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Respecting Rights in the Response to Militant Attacks in Dagestan

20 Dead, Dozens Wounded in Horrific Attacks

The aftermath of an armed militant attack in Makhachkala, Dagestan, in southern Russia, on June 23, 2024. © 2024 Aleksandr Chernykh/Kommersant/Sipa via AP Photo

On June 23, armed militants—apparently supporters of the Islamic State (ISIS)attacked the two largest cities in Dagestan, in Russia’s North Caucasus region. By day’s end, a church and a synagogue were in flames and a Russian Orthodox priest killed in Derbent, and in Makhachkala, Dagestan’s capital, a church and a police checkpoint near a synagogue were attacked. At least 15 law enforcement personnel and four local residents were killed, and dozens were wounded.

Experts widely link the attacks to failings on the part of security services and the federal government in addressing domestic threats amidst Russia’s war in Ukraine.

In November 2023, Russian authorities failed to prevent or adequately respond to antisemitic mob attacks in Dagestan and other regions of the North Caucasus. Those acts included the takeover of the Makhachkala airport by a mob hunting for Israeli passengers on a flight from Tel Aviv; an attack on a hotel after false rumors it was housing “Israeli refugees”; an arson attack on a Jewish community center under construction; and the use of antisemitic language by protesters at two pro-Palestine rallies. 

Russia’s authorities should ensure an effective investigation capable of identifying those responsible for Sunday’s horrific attacks and holding them accountable, while fulfilling their responsibility to protect people from militant attacks.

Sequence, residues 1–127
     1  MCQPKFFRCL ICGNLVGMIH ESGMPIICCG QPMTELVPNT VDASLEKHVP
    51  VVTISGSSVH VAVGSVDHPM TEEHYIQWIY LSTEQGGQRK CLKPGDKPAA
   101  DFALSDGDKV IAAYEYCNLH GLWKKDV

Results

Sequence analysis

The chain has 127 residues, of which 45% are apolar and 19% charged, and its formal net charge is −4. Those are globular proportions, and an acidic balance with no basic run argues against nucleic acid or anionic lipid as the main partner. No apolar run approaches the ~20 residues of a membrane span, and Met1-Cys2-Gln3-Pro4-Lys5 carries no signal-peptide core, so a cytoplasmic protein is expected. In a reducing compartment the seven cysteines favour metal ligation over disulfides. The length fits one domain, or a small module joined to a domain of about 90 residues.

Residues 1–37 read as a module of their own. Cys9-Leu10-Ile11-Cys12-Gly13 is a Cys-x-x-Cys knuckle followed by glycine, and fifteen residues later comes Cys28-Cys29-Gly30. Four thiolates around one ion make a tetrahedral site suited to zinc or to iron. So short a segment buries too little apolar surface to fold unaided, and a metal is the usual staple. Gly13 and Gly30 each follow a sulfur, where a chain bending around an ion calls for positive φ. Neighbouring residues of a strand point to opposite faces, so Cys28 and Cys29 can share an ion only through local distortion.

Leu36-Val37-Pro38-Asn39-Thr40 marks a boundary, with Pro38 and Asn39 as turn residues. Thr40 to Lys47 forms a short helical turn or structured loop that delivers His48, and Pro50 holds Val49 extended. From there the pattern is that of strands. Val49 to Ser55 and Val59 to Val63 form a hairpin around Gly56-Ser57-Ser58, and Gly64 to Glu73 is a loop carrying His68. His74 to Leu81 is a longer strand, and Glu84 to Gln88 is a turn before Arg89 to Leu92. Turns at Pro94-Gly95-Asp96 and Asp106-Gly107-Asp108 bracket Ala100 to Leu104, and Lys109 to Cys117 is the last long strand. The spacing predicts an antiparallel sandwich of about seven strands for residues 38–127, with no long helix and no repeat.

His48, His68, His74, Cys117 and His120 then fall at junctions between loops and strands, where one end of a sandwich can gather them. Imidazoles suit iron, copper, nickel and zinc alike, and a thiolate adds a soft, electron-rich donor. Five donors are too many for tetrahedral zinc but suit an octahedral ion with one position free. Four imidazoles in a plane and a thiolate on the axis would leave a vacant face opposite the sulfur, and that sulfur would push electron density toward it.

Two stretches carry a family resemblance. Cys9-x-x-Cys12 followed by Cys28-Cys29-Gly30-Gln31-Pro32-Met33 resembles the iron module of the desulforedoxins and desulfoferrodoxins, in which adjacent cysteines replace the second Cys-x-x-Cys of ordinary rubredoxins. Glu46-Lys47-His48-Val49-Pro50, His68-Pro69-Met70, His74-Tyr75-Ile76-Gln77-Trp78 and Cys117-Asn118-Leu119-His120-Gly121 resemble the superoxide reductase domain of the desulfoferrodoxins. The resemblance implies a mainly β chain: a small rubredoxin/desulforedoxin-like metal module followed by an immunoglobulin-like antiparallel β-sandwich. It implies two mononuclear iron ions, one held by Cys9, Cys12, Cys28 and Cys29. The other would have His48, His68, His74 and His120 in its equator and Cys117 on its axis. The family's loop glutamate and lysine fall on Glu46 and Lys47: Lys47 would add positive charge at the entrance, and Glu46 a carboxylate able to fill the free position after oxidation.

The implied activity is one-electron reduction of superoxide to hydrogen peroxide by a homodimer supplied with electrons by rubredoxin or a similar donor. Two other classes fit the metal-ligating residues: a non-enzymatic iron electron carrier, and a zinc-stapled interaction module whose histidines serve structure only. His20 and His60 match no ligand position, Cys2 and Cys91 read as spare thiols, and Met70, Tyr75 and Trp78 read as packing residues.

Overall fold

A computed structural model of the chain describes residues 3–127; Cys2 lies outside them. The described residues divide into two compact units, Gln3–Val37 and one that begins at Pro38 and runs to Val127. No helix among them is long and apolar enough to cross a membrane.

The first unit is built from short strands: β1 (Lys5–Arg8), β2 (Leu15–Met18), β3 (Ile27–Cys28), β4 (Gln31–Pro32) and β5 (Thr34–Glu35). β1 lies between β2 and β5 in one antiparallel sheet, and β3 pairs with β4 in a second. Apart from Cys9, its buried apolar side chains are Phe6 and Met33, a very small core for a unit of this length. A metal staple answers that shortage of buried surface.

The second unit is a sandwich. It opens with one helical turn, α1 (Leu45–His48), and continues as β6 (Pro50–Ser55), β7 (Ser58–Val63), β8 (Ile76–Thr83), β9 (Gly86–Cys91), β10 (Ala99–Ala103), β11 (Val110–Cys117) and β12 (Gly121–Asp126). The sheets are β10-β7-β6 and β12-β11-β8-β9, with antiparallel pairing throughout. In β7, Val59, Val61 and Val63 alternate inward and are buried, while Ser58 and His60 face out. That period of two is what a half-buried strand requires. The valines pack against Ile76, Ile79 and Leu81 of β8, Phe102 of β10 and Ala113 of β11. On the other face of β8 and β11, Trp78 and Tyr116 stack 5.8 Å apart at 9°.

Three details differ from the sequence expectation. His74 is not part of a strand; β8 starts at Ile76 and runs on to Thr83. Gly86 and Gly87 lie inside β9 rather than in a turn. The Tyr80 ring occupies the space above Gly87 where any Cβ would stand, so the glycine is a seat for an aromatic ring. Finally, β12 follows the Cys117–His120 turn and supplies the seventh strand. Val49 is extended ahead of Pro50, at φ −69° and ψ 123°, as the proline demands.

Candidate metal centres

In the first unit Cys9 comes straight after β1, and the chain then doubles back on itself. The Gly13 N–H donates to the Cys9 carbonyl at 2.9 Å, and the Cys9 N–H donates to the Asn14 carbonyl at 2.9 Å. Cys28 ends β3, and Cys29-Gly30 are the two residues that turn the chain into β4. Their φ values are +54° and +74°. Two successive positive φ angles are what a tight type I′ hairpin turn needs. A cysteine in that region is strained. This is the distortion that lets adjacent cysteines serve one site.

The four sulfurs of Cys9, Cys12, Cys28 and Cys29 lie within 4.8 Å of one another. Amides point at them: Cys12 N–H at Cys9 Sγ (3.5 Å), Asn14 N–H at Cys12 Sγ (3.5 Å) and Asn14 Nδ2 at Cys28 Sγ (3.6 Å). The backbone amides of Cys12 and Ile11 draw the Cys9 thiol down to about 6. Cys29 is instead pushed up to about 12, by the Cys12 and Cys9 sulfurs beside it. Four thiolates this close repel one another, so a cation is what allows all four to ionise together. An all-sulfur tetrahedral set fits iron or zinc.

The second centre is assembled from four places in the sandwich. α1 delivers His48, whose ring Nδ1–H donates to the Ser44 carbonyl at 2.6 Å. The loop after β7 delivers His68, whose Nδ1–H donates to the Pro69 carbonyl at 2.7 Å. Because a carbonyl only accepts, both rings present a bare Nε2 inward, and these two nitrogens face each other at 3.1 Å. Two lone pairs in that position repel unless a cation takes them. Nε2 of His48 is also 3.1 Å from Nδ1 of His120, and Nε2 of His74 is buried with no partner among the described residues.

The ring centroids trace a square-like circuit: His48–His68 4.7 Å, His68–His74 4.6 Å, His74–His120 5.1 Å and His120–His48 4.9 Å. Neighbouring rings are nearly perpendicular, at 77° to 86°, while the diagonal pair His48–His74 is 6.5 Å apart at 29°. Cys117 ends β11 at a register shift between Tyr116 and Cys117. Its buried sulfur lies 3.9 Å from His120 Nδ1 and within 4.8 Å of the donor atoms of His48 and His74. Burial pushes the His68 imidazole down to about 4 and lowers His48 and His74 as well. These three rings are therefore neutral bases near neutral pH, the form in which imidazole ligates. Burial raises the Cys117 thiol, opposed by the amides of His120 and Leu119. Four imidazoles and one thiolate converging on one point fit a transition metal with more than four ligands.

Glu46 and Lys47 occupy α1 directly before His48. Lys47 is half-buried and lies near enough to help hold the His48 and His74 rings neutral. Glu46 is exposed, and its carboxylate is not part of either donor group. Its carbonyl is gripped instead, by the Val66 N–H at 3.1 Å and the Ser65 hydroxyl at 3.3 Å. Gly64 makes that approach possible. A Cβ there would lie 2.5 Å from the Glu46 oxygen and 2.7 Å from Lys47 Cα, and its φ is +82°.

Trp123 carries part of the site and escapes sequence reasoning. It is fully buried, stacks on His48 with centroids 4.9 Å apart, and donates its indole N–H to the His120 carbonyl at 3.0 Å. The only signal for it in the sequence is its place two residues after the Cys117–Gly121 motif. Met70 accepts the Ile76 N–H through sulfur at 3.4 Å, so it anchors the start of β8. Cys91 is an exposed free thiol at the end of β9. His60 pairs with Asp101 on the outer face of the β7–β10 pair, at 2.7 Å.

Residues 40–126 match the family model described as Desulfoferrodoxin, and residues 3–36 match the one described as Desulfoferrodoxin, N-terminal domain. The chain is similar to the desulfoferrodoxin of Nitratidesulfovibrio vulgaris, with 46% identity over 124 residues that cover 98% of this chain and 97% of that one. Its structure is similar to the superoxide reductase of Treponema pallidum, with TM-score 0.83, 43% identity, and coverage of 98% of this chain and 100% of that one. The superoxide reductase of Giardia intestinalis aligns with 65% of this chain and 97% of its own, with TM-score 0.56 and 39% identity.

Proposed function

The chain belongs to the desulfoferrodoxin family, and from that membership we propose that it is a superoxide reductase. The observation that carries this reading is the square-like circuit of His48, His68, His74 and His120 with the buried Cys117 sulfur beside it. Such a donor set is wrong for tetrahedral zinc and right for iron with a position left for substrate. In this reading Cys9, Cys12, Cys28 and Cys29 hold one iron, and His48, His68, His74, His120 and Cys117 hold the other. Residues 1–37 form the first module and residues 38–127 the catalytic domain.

But will they do so in a way that respects human rights?

Authorities’ response to the monstrous attack in March on a concert hall in the outskirts of Moscow, in which militants killed at least 140 people and ISIS claimed responsibility, show otherwise. Russian authorities tortured and shared recordings of the torture of at least two men of Tajik origin held as suspects for the crime. Security services followed up with abusive raids against Tajiks and other Central Asian migrants. Many faced arbitrary dismissals from jobs, physical intimidation accompanied by anti-migrant slurs and slogans, and xenophobic violence, including destruction of migrant-owned propertybeatings by groups of people, and attacks with pepper spray and knives.

For over two decades, Russian authorities have been intermittently battling militant Islamist insurgencies in Dagestan. Their response has included abduction-style detentions, enforced disappearances, torture, and forcible displacement of local residents.

In responding to this week’s attacks, Russian authorities should uphold their human rights obligations instead of perpetuating a climate of lawlessness and impunity for abuses. This, among other things, risks only contributing to sympathy for ISIS and other extremist groups, especially among local youth. 

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